Dinosaurs with long necks are part of the sauropod clade, a group of plant-eating dinosaurs. They tend to have elongated necks, thick legs and smaller heads. They used their necks to reach taller trees and plants, so they could eat the leaves – being herbivores. These long-necked dinosaurs were some of the largest dinosaurs and largest animals to ever exist. All of these sauropods still fall under the classification of reptiles
Diplodocus, a herbivorous dinosaur that lived 150 million years ago during the late Jurassic period, had four large, sturdy legs to support its long neck and whip-like tail. It measured around 98 feet in length and weighed around 16 tons. It was first discovered in North America in 1877.
Another herbivore, Apatosaurus, used its peg-like teeth to strip leaves from trees but not for chewing. It probably swallowed stones in order to grind food in its gizzard. Like Diplodocus, Apatosaurus could whip its tail to defend itself from meat eaters. It measured around 33 tons and was approximately 70 feet long. Apatosaurus used to be known as brontosaurus as a result of a labeling error.
The holes in Camarasaurus’ vertebrae led to its name, given in 1877, which means “chambered lizard”. Camarasaurus lived in North America during the Jurassic period. Like some modern birds, fossils show that Camarasaurus was a herbivore that probably swallowed stones to grind food material. Camarasaurus was about 59 feet long and weighed around 20 tons.
Brachiosaurus means “arm lizard.” This name was chosen as its forelimbs were much longer than its hind limbs. Brachiosaurus lived in North America and Africa during the Jurassic and early Cretaceous periods. It was a plant-eating dinosaur that measured around 75 feet long and 41 feet tall, weighing approximately 89 tons. Paleontologists have discovered the Brachiosaurus in many locations, including Colorado where Apatosaurus and Diplodocus fossils have also been found. Many other sauropods have been found in and around the Colorado region in a collection of fossils called the Morrison Formation – which stretches from Idaho to Oklahoma.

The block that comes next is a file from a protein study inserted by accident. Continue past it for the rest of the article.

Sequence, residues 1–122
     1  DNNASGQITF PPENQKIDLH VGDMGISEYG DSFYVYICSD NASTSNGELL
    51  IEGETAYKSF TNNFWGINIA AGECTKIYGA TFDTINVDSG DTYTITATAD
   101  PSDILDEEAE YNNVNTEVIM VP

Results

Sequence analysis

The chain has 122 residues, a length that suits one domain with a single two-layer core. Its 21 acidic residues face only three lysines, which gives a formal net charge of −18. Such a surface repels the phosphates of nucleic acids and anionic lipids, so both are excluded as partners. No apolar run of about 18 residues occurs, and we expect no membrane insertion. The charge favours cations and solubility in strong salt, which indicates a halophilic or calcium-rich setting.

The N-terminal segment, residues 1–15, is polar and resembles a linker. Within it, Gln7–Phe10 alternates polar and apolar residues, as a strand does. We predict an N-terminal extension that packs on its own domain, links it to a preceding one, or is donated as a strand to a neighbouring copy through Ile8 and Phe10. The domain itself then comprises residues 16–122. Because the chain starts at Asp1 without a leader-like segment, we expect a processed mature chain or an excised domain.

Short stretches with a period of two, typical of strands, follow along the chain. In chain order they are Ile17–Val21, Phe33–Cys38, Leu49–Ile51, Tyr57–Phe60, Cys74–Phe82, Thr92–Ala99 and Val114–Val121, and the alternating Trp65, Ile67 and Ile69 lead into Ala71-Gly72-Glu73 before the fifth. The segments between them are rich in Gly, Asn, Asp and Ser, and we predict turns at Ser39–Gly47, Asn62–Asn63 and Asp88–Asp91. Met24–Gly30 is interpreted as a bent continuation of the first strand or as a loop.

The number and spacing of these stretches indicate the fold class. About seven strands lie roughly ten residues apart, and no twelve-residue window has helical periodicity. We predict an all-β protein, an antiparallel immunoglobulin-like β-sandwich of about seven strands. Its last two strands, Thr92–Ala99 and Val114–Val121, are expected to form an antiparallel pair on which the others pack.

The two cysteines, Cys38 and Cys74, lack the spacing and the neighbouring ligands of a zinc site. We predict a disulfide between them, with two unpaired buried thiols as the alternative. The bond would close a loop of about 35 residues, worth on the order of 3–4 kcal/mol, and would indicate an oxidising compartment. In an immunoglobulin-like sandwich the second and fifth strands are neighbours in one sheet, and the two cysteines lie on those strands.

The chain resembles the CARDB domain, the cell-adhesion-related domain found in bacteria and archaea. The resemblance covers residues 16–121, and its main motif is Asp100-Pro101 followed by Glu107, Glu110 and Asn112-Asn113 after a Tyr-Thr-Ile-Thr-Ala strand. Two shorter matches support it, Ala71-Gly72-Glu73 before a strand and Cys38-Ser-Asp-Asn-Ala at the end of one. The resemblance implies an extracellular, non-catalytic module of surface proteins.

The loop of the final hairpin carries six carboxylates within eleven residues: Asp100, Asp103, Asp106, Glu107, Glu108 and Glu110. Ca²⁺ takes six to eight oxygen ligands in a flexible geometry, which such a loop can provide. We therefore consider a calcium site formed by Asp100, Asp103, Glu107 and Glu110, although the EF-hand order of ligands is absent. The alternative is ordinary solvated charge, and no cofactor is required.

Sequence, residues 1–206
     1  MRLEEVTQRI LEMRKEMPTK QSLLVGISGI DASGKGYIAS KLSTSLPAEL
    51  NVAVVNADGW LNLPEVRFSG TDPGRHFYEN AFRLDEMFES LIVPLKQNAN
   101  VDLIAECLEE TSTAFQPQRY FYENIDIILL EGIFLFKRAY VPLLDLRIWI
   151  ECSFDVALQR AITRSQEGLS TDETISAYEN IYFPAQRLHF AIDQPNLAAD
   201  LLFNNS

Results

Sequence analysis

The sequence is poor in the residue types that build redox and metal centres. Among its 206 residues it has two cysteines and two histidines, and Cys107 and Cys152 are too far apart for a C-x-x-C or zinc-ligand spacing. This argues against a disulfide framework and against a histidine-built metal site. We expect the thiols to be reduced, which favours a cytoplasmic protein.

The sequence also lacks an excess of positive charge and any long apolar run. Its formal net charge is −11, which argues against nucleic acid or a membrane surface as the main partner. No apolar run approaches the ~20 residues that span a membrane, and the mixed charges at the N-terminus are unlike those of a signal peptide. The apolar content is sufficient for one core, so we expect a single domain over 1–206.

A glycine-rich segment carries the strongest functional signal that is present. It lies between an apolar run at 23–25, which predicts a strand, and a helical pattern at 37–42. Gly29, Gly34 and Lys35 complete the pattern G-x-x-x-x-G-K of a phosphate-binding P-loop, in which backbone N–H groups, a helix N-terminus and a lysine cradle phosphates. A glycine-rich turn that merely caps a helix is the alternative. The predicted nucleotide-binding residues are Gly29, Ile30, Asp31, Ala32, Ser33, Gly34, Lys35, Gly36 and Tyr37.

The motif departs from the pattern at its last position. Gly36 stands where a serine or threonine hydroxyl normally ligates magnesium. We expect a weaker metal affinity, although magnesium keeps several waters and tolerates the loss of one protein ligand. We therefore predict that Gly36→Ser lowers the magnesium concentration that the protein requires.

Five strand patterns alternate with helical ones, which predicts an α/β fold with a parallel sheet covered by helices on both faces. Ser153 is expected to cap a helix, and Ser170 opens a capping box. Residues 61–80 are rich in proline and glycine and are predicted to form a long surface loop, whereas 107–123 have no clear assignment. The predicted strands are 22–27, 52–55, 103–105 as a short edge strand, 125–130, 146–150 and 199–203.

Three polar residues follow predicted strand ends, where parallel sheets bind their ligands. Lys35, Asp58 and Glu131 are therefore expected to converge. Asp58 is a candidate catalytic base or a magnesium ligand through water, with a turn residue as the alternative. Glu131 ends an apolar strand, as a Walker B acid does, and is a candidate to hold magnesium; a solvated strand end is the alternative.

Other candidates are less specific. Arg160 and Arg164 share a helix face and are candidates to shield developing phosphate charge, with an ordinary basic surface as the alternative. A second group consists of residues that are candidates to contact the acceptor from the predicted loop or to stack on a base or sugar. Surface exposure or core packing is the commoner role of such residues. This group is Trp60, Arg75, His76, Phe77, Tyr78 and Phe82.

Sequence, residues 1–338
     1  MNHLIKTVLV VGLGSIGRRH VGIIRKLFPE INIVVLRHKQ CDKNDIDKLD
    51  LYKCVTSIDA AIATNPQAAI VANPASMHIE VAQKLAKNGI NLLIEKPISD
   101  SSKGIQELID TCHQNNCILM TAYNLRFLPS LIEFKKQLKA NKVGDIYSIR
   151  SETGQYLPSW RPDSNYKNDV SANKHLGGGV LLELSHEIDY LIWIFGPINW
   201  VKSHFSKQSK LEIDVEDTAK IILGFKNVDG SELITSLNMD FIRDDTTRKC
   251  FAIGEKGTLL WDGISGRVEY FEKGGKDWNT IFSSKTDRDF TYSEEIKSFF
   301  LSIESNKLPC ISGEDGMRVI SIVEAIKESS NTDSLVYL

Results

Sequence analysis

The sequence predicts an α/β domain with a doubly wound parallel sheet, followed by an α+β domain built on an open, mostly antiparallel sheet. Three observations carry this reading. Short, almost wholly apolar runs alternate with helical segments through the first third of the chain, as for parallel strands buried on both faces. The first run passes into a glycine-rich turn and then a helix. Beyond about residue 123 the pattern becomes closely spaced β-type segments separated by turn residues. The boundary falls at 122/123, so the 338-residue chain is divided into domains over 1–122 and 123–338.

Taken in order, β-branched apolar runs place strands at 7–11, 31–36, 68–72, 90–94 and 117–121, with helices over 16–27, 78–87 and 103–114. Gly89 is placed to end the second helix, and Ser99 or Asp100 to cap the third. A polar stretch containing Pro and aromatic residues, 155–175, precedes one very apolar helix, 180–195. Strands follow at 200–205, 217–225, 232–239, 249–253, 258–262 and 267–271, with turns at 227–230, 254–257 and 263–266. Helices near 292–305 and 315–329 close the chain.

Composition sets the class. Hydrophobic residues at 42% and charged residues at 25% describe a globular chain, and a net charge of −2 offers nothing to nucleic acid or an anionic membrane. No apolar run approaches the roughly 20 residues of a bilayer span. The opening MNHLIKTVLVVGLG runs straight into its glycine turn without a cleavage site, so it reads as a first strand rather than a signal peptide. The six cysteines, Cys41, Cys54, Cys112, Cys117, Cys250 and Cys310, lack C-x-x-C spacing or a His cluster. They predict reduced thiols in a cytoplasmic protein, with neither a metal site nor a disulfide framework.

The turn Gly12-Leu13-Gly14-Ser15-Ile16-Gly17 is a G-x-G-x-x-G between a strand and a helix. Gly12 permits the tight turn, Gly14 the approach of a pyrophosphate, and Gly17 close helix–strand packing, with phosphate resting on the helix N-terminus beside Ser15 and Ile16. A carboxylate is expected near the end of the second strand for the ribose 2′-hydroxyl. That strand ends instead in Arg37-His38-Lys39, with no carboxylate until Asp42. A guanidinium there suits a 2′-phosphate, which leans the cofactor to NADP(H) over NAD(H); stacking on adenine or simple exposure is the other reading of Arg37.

Brontosaurus – meaning “thunder lizard” – type dinosaurs are very closely related to the Apatosaurus genus (listed above), but they were more recently determined as a separate group of sauropod dinosaurs. They shared many characteristics with other dinosaurs in the sauropod family with small heads, long tails, and a very long neck. There are three species in the Brontosaurus genus.
Ultrasaurus has a name which translates into “greater lizard”. Ultrasaurus lived in Korea between 110 million and 100 million years ago during the cretaceous period. Like other quadrupedal, long-necked dinosaurs, Ultrasaurus was an herbivore.
Alamosaurus was named after the area in which it was found, the Ojo Alamo Formation which is now known as Kirtland Shale, New Mexico. It was a herbivorous dinosaur that lived in North America between 70 million and 65 million years ago during the late Cretaceous period and became extinct during the Mesozoic Era’s Cretaceous-Tertiary mass extinction. Alamosaurus measured approximately 69 feet long and weighed around 33 tons.
The heaviest and longest land animal known to have existed is the Argentinosaurus. Hatching from an egg the size of a football, young dinosaurs of this species grew to around 121 feet. Argentinosaurus was one of the few herbivorous sauropods to exist beyond the end of the Jurassic period. The Argentinosaurus genus gets its namesake from Argentina, where the first bone was discovered; Argentinosaurus translates to Argentine Lizard. They were members of the Titanosaur genera, including some of the largest land animals to ever exist.
Other Various Sauropods
There are many other genera of sauropods, all carrying the hallmarks of extremely long necks, short thick hind legs (and often similar front limbs), and long tails. Dreadnoughtus, Mamenchisaurus, and Sauroposeidon are some of the other genera found in the sauropod clade. Many of these sauropods weigh in at tens of metric tons, and they often had a total length in the neighborhood of a hundred feet or more.
Mamenchisaurus fossils were found in China in 1987, and they were later used to determine this dinosaur had the longest neck of any animal to ever live.
About the Author
Born in Norfolk, United Kingdom, Hayley Ames' writing experience includes blog articles for a travel website. Ames was awarded a Bachelor of Arts in English language and literature from the University of Sheffield in the United Kingdom.